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Washington, D.C. – Bread for the World welcomed the nomination today of former Ambassador Mark Green as the new administrator of the U.S. Agency for International Development (USAID). Bread supports President Trump’s choice to fill this important position and urges the Senate to quickly confirm Green's appointment.
“I urge the Senate to move quickly and approve Ambassador Green’s appointment,” said Rev. David Beckmann, president of Bread for the World. “This appointment comes at a critical time, as famine threatens the lives of an estimated 20 million people in Nigeria, South Sudan, Somalia, and Yemen. Permanent leadership at USAID is vital if we are to adequately respond to this and other challenges.”
Green currently serves as the president of the International Republican Institute and has extensive global development experience. He was the ambassador to Tanzania under President George W. Bush and served four terms as a U.S. congressman from Wisconsin.
As a member of the House Foreign Affairs Committee, Green helped craft legislation that created the Millennium Challenge Corporation (MCC) and the President’s Emergency Plan for AIDS Relief (PEPFAR), which have increased the effectiveness and impact of U.S. foreign assistance. In 2003, Bread for the World grassroots advocates lobbied for the creation of MCC and have supported robust funding for PEPFAR and the MCC as part of the government’s poverty-focused development assistance.
“The world is making unprecedented progress against hunger and poverty. Yet violence, conflict, and climate change are contributing to many humanitarian crises around the world,” Beckmann added. “It's vital to our national security that we act immediately to help those affected by these crises. We must also, with our partners, invest in programs that help families, communities, and countries lift themselves out of poverty. This creates the foundations for long-term peace and stability.”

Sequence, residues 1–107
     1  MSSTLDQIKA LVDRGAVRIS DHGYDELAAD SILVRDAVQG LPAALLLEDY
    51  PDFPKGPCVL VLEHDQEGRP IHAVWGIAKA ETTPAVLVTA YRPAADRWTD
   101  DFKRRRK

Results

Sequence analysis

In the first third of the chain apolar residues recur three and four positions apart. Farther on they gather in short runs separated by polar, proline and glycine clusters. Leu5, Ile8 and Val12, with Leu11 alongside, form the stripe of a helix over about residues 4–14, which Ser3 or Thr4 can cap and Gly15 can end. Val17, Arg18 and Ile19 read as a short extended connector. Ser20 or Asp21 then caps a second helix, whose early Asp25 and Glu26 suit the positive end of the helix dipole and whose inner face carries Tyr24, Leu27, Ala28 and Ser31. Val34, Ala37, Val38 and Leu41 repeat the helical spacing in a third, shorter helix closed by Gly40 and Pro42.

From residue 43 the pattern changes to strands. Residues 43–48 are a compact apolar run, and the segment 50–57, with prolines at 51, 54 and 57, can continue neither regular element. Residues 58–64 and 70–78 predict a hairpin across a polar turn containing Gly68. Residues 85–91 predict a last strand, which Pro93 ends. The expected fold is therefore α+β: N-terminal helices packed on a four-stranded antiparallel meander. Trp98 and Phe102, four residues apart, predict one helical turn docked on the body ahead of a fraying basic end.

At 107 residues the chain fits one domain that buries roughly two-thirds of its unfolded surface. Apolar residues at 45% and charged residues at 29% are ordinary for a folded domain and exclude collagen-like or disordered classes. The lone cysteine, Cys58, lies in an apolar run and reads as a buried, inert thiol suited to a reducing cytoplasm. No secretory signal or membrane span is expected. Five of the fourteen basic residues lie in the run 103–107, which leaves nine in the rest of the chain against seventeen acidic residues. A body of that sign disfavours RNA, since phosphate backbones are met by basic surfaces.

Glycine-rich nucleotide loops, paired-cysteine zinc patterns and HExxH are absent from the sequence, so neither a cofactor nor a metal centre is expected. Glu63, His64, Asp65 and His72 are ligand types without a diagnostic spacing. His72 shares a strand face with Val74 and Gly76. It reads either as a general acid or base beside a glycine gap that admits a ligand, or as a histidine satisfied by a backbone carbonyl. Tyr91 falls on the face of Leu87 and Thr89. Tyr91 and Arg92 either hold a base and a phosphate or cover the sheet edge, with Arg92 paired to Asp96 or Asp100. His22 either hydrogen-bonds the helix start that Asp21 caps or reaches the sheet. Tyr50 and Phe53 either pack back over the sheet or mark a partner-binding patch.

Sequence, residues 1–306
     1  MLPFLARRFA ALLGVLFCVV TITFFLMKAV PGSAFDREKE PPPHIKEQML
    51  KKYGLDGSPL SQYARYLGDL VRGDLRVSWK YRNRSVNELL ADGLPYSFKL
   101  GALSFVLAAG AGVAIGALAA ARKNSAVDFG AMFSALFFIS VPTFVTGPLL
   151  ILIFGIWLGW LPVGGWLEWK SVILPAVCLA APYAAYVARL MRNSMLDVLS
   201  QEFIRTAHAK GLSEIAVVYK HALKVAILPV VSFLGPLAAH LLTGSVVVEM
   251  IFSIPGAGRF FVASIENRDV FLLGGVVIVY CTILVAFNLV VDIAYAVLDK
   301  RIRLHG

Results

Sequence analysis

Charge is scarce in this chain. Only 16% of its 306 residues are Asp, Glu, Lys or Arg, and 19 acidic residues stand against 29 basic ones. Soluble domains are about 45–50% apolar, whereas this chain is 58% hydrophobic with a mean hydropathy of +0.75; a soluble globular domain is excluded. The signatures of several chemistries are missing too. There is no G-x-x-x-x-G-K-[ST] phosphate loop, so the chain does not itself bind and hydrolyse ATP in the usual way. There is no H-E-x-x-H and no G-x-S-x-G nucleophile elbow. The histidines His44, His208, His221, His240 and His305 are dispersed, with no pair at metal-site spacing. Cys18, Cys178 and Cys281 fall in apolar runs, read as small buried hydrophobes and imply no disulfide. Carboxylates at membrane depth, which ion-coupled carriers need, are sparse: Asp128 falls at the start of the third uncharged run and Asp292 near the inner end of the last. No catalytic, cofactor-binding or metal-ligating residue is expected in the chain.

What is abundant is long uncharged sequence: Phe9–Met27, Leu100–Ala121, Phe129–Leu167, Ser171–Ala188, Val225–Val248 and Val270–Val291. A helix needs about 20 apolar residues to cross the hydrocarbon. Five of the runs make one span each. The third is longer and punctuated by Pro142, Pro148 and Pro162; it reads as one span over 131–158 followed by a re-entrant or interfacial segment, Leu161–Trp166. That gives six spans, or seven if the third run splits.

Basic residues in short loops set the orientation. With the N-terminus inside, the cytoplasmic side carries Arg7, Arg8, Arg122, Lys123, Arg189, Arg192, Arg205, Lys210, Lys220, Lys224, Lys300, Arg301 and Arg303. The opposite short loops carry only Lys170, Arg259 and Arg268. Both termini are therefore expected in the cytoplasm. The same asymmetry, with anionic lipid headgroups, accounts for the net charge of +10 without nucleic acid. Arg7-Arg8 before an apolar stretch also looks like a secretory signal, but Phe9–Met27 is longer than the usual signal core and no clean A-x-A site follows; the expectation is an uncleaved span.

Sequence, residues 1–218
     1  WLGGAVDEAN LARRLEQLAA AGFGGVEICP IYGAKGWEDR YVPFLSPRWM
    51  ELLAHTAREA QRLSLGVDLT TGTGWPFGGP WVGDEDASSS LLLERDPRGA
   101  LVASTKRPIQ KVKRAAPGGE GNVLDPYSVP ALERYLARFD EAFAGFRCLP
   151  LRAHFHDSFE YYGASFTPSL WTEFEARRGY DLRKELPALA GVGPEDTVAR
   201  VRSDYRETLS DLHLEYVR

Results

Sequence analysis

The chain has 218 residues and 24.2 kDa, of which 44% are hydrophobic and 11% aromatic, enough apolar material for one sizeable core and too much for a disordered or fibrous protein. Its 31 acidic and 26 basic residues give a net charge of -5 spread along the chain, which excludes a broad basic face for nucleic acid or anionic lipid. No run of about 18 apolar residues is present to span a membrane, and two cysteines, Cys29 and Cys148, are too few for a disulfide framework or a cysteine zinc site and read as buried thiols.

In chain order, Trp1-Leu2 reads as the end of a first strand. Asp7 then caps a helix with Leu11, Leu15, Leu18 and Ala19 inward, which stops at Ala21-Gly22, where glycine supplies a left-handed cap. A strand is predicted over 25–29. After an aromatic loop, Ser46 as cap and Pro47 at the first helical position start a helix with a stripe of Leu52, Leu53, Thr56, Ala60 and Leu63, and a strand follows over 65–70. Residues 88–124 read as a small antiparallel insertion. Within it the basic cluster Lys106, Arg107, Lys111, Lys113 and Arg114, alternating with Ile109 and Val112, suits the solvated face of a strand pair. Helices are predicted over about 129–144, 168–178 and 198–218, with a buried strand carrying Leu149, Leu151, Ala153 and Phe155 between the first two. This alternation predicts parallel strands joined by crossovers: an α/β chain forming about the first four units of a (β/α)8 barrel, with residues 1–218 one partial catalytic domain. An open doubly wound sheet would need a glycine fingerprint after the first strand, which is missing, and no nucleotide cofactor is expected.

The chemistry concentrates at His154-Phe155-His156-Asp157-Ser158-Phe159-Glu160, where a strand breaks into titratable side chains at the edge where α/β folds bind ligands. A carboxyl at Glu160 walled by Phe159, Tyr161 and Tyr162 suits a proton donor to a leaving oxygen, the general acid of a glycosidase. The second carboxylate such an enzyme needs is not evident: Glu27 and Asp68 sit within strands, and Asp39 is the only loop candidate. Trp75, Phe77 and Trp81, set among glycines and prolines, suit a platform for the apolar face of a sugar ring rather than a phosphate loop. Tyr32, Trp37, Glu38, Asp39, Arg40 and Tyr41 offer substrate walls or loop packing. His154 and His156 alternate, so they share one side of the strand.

He added that a strong and independent USAID provides the much-needed expertise on development and humanitarian responses to complement the diplomacy and defense pillars of our national security.
“We look forward to working with Ambassador Green and Congress to continue strengthening U.S. development and humanitarian assistance in ways that will help put the world on the path to end hunger and extreme poverty by 2030,” Beckmann said.
Hunger and food insecurity add at least $160 billion a year to U.S. healthcare costs.
By Jordan Teague
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A brief examination of the biblical approach to health as a hunger issue.
Includes an introduction to the issue, a Scriptural reflection, practical actions you can take, and a prayer.
In this issue: Another Great Year for Bread; Catholics Begin Observance of Holy Year of Mercy; Serving on ‘God’s Wave Length’ for 39 Years; and more.
A wide array of the nation’s faith leaders have come together on the eve of Pope Francis’ arrival in the United States to commit ourselves to encourage our communities to work for the end of hunger by 2030 and, toward that end, for a shift in U.S. national priorities.
We are deeply pleased...
A set of how-to sheets for carrying out advocacy and fact sheets on the current issues Bread for the World is working on.
For new and current Bread grassroots hunger activists.
Ideal as a starter toolkit for new Bread activists or as a set of updates for current activists.
Learn more about the principles that Bread for the World supports regarding health reform.
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